Students are divided into groups of 7-8. Each student brings the specific skills acquired during their training and shares their professional practices by delineating individual roles and responsibilities in the proposed activities.
The main objectives of this module are to teach students to position themselves within an interprofessional team, to share, plan and coordinate interventions with other professions with reference to leadership (designated, situational, or shared). They must know how to transmit relevant, concise, clear, and timely information between team members, including the patient and his/her family. They must be able to implement strategies and use appropriate tools to manage differences and resolve conflicts in a collaborative manner. They need to contribute to and obtain informed consent from the care receiver or family member in chronic or palliative care situations by establishing a partnership in decision-making.
There are 14 different scenarios that run concurrently over a full week to allow 450 students to complete two half days of simulation. 12 scenarios reproduce acute or chronic care situations and students practice with computer-controlled mannequins or with Simulated Patients.
Two scenarios were co-created with partner patients. This original approach allows to represent as closely as possible the patients' perspective and to benefit from their feedback on the students' team performance.
The first of the two scenarios was created with three people with disabilities/moderate mental handicap and autism. The goal for the students was to evaluate the patient's capacity for discernment and self-determination when deciding to amputate a toe. The patient refuses the amputation, and the students are required to interact as a team with the patient to make the best decision.
The second scenario deals with bedside communication. The goal for students is to integrate a patient as a real partner in decision making. They must be able to deal with the history and the environment of the person being treated, since the patient keeps all the information concerning her own life.
This half-day simulation is organized according to a precise procedure recorded in a document provided to the tutors who accompany the students. This document lists the different stages of the half-day session, the instructions given to the students as well as the elements of the patient's medical file. After a short Powerpoint introduction, the students watch two video sequences presenting an interview between the patient and two professionals. They analyze these sequences using a "shared decision" observation grid.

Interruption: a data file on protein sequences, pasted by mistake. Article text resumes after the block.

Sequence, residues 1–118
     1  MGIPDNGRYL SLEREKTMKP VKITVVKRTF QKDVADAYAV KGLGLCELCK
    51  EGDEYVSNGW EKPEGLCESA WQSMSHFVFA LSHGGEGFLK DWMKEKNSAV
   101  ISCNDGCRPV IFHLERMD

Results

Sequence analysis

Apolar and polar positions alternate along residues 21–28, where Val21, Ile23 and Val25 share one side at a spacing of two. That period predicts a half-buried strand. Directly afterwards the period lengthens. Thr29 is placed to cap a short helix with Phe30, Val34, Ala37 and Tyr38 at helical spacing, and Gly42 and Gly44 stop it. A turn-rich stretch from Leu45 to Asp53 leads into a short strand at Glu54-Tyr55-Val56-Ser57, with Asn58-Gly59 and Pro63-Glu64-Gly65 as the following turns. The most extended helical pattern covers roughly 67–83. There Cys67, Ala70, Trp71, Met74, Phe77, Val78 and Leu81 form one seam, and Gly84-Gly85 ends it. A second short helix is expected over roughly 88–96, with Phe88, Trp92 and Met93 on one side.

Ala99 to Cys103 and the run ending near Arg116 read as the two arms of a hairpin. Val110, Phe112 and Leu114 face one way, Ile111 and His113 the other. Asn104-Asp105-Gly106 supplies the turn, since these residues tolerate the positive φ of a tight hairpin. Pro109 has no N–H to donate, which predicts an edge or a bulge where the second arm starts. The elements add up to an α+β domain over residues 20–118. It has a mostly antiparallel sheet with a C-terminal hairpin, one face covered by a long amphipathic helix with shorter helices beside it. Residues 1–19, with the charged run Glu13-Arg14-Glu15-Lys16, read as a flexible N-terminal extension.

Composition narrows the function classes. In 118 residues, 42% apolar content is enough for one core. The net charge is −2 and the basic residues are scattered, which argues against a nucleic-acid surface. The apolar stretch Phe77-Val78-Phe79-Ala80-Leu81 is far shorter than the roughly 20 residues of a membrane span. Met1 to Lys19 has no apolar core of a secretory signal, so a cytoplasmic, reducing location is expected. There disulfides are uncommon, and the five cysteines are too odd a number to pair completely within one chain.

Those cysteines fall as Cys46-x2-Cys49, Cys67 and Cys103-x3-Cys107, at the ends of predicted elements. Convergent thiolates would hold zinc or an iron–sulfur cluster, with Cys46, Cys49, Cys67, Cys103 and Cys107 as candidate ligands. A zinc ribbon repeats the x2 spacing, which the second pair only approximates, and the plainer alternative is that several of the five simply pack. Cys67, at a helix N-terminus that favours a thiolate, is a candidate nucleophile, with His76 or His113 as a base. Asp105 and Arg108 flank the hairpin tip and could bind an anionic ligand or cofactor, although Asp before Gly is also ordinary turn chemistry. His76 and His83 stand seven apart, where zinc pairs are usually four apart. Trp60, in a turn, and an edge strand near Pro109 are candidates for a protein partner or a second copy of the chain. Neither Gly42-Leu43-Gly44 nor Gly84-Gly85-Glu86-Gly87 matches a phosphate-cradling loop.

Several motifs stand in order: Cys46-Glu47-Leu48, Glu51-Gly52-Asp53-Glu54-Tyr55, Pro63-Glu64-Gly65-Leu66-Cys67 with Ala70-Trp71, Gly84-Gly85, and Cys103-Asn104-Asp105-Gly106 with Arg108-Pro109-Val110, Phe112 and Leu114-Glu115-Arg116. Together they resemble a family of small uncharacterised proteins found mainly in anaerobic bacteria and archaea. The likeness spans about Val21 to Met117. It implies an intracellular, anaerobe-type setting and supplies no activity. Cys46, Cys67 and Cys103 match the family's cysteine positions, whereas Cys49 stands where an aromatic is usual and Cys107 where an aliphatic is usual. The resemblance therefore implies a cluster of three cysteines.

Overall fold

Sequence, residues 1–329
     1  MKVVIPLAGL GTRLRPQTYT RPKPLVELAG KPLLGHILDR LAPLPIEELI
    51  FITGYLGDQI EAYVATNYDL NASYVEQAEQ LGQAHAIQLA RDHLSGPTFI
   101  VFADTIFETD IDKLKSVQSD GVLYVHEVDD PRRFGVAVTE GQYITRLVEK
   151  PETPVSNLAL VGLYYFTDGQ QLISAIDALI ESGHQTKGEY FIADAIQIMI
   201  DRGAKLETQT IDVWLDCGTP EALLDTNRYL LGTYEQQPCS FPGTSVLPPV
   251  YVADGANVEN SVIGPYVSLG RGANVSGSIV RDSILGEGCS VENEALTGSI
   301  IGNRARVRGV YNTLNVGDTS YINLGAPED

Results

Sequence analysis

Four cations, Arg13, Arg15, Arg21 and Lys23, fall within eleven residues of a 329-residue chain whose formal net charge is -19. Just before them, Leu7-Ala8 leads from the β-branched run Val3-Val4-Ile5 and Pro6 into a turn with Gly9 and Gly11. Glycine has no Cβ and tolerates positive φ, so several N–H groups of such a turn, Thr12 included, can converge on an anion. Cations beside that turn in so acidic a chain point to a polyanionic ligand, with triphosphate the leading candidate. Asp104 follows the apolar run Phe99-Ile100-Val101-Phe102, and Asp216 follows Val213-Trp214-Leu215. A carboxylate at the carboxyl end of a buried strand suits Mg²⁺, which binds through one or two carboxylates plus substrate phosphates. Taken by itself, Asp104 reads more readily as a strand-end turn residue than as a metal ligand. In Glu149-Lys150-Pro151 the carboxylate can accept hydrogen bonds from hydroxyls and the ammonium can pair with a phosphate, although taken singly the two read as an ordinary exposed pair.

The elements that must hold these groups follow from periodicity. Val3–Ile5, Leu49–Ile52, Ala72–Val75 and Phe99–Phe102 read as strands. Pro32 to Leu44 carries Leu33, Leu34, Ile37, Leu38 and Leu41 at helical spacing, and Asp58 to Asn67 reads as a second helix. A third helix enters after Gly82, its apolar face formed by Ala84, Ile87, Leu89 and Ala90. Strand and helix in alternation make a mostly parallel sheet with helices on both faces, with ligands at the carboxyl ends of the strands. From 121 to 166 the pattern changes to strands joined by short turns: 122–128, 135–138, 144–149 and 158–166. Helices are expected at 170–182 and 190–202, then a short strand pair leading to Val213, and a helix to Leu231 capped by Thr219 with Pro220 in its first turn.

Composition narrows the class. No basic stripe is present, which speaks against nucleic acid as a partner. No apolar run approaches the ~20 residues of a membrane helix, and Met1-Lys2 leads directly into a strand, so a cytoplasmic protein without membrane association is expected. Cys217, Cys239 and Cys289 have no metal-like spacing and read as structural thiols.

In a second phase, a nursing student and a medical student will replay this same scene according to precise instructions to practice shared decision making. The simulation lasts fifty minutes. It is interspersed with debriefings. The particularity of this debriefing is that it is co-animated with the patient who gives feedback on the partnership / shared decision. She is a full member of the teaching team. The tutors must therefore decide on their co-animation.
Finally, in the last stage, all the participants move to the simulation room. The patient settles into her bed. The students must then transmit information to each other using the IPASS tool (Identification, Patient, Actions, Strategy, Synthesis). The simulation ends when the group has worked through the IPASS in its entirety. The tutors have 45 minutes to lead the students towards this objective.
The evaluation of the module is based on the involvement and professionalism of the students in the simulated practice and the debriefing according to an evaluation grid filled in by the tutors.